Today, people seem to have forgotten that Amelia’s 1937 disappearance was a major controversy that ended up being systemically swept under the rug of official history by the U.S. federal government. It may even be the case that the exercise of it was already in the works in September of 1939, when Germany invaded Poland.

The facts of Amelia Earhart’s loss continued to be obfuscated throughout the war years and they were exponentially ignored by official historians after the war was over. Indeed, the effort to muddle the truth about Amelia Earhart’s final flight ending was something that continued into the 1960s, until finally, it was determined that people in general had been conditioned enough to accept that Amelia simply crashed and sank at unknown Pacific Ocean coordinates, just prior to completing her infamous world flight. Of course, solid information now states that Amelia’s world flight ending did not happen that way.

Heeding to the many dictates of government institutions and offshoot cottage industries that managed to keep the curious stupefied about Amelia Earhart, non-truths are all the public continues to recognize about Amelia Earhart’s disappearance at this space in time. And that’s a shame. Basically, for decades gone by the citizenry of the United States has been spoon fed falsehoods about Amelia Earhart’s world flight outcome, to include by at least a few people who felt they were doing it for the better good of Amelia’s heroic legacy in the eyes of the body public. Anymore, though, it is obvious that Amelia did manage to live-on after she was declared missing, and the idea that she became known as one of three Twentieth Century women attributed to the same Irene O’Crowley Craigmile identity, lives on stronger than ever.” Tod Swindell

Continue With The Study


The Protecting Earhart MSS, Forensic Analysis [Copyright registrations: TXu 1-915-926 & TXu 2-061-539] and documentary film. ‘Discovering Irene O’Crowley Craigmile profiles an Investigative Journalist’s comprehensive forensic research evaluation and human comparison analysis that concerned the subject of Amelia Earhart’s fate.

In the 1990s, after meeting some World War Two veterans who insisted that Amelia Earhart privately lived well beyond the war years, filmmaker/writer, Tod Swindell, became interested in the facts attributed to Amelia Earhart’s disappearance and subsequent missing person case. This led him to orchestrate a comprehensive forensic research study that was accompanied by an in-depth ‘Amelia to Irene’ comparison analysis, the first study of its kind to be doem to be done.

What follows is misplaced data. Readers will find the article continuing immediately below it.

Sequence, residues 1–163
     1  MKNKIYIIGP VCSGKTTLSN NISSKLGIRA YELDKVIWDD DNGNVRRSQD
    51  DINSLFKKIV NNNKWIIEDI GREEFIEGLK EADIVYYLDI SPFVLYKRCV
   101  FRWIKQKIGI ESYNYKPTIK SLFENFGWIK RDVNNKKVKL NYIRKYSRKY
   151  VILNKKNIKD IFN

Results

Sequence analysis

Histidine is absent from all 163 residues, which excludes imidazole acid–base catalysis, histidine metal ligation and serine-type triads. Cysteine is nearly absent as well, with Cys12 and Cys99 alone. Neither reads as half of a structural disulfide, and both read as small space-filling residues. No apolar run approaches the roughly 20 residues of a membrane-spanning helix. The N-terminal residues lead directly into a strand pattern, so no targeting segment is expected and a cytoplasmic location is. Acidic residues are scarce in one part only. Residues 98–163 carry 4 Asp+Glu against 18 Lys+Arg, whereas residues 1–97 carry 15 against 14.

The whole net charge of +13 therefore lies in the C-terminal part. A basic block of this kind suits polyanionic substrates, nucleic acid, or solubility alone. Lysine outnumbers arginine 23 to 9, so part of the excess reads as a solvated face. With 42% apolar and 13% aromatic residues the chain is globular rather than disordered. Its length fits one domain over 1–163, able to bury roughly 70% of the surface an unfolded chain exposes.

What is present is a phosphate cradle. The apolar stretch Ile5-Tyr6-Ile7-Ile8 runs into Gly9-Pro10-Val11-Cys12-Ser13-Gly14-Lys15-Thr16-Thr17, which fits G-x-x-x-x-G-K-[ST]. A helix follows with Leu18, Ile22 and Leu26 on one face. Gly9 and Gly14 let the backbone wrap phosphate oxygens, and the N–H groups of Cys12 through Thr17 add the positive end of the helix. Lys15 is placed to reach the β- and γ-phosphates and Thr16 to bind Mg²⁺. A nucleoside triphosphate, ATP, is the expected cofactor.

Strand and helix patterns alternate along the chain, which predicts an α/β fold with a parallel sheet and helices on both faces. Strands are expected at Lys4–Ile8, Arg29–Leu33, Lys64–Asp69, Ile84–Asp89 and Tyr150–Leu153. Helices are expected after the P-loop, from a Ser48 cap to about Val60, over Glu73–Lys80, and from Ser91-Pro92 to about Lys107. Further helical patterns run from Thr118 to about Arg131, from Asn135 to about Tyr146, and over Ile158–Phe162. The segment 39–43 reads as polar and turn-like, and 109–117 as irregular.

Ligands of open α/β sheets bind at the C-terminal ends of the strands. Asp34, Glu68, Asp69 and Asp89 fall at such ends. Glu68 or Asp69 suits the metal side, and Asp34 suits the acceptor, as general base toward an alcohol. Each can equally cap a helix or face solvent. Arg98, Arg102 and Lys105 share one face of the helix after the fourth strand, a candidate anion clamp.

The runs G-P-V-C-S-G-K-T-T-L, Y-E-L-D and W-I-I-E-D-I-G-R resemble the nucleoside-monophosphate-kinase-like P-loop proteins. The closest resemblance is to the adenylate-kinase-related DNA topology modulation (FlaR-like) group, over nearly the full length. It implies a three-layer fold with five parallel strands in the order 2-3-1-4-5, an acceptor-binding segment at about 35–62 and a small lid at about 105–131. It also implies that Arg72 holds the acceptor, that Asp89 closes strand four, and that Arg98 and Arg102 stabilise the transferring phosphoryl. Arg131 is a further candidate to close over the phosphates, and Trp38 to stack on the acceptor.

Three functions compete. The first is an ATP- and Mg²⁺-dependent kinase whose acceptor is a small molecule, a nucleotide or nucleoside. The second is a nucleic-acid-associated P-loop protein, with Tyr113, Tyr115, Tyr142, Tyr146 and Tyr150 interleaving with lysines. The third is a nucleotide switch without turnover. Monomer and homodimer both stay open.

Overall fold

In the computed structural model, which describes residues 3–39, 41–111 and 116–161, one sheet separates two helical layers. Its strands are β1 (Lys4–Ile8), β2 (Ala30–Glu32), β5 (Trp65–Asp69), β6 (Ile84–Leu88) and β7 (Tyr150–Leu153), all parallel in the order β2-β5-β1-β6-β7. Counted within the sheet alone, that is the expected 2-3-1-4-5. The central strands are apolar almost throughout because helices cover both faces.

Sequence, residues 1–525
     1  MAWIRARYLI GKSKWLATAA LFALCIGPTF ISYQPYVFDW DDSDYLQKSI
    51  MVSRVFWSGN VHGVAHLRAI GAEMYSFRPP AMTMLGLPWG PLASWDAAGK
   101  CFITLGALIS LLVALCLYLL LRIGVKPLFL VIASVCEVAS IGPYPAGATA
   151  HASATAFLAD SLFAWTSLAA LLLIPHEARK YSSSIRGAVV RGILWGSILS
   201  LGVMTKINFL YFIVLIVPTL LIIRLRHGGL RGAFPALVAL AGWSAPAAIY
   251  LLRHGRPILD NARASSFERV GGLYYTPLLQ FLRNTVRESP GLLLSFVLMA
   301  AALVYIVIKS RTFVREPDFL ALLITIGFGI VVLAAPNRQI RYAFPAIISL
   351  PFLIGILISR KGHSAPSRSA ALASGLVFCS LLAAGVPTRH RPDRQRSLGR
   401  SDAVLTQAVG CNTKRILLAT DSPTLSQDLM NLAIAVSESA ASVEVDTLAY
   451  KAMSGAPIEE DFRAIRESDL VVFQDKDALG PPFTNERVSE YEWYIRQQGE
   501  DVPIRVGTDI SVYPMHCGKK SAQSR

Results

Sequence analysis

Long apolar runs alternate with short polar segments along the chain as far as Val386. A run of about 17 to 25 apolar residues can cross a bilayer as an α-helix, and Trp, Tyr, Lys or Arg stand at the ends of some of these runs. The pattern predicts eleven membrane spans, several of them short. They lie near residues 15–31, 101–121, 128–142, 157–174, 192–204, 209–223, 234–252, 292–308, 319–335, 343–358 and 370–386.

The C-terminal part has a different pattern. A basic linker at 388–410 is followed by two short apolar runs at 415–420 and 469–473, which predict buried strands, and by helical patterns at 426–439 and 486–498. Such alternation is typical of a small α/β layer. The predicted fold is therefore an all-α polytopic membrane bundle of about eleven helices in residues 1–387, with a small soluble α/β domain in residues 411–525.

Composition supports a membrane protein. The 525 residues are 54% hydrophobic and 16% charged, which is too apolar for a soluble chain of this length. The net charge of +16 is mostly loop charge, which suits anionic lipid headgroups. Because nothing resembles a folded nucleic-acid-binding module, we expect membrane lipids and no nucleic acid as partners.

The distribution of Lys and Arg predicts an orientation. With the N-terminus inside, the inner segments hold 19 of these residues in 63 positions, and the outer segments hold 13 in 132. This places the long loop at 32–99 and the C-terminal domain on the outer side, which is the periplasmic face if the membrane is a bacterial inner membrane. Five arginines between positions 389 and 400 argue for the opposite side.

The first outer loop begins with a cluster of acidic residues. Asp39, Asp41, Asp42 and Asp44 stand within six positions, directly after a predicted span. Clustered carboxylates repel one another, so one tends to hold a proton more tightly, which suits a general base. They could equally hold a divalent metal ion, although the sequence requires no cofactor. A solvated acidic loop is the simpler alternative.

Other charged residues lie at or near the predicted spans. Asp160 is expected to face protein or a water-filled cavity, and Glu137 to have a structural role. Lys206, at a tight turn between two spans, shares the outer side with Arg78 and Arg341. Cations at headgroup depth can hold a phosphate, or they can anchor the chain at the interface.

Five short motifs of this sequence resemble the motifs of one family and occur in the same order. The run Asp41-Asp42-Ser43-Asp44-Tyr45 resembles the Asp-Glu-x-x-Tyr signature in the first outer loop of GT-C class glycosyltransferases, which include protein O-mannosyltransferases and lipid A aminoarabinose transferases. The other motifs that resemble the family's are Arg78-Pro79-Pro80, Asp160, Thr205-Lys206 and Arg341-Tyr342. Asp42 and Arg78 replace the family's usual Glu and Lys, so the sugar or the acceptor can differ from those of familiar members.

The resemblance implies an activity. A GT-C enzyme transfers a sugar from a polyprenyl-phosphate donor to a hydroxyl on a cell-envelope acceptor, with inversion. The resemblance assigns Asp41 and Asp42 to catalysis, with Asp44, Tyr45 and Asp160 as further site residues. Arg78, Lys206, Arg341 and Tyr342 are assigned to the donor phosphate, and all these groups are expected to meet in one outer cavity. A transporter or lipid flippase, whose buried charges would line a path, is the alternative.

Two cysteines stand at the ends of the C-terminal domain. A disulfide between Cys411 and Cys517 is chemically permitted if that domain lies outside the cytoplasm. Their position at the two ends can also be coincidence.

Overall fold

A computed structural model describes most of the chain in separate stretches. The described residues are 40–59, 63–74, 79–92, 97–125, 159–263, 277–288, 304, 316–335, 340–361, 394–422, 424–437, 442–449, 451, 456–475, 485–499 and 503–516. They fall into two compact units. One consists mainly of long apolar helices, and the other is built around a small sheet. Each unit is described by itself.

The overall study was inspired by the investigative research of Joseph A. Gervais [of the original 1960s ‘Operation Earhart’ investigation he conducted overseas and in Washington] and a long time collaborator of his, Randall Brink, who authored the 1994 best selling book, Lost Star The Search For Amelia Earhart (W.W. Norton). The study produced a vast collection of rare documents, analytical text, photographs, human physical and character trait comparisons, maps, charts, and past-obscured but once again revisited investigative research findings.

The condensed Protecting Earhart MSS features 415 total pages; 110 of which exclusively exhibit logistical and visual elements drawn from the overall ‘Amelia to Irene’ Comparison Analysis. From a layman’s viewpoint, the study results exhibit Amelia Earhart’s ongoing existence after World War Two with the re-purposed name of, ‘Irene O’Crowley Craigmile’ applied to her. (Her added surname of ‘Bolam’ happened by marriage in 1958.) It also examined the post-World War Two, ‘let’s move on‘ logic that left the general public out of the loop of the complexities that surrounded Amelia’s 1937 disappearance. Simply put, a year and a half after she was declared ‘missing‘ in 1937, Amelia Earhart was declared ‘dead without address’ AKA ‘dead in absentia‘, and this has never changed.

The intention to keep the name ‘Amelia Earhart’ as one that exclusively referred to a dead person after 1937, came into focus during the aftermath of World War Two. The reality of the post-1940 only Irene was left unexposed until the 1980s, when a close friend and confidant of the post-1940 Irene’s, former Seton Hall College President, Monsignor James Francis Kelley (1902-1996) began admitting to people that his friend, Irene, used to be known as Amelia Earhart.

When Monsignor Kelley avowed that his friend, Irene, used to be known as Amelia Earhart, he included that he had helped her to become Irene O’Crowley Craigmile to enable her to privately resurface in the United States. Non-believers tired to claim that the well-known monsignor was ‘senile’ and his mental condition caused him to fabricate the statements he made about his friend, Irene. People who knew Monsignor Kelley well, however, agreed that he was “very bright and alert” when he described what he did to them about Amelia Earhart quietly living on and becoming known as Irene.

It is believed that Amelia Earhart’s post-loss arrangement that allowed her to live as a new Irene O’Crowley Craigmile from the mid-1940s on was put in place under the omniscient guise of long time FBI Director, J. Edgar Hoover. The FBI’s WWII ‘Amelia Earhart’ file contents that were personally monitored by J. Edgar Hoover, indicated an awareness that he had gleaned about Amelia Earhart’s ongoing existence during the war years under the auspice of Japan.

J. Edgar Hoover was still the Director of the FBI when the ‘did Amelia become known as Irene’ assertion surfaced in 1970, and he was sure to remain silent about it, where otherwise he would have been expected to weigh-in with an FBI opinion. Hindsight also reveals that no one from the Federal Government of the United States offered an official opinion at all toward the Amelia-Irene matter after the controversy surfaced, and it has remained that way ever since.

It is also important to recall here, that the 1970 claim of Amelia living-on and becoming known as ‘Irene’ from the mid-1940s on, was never disproved.

The study portions displayed here are revealing of the overall Amelia-Irene controversy.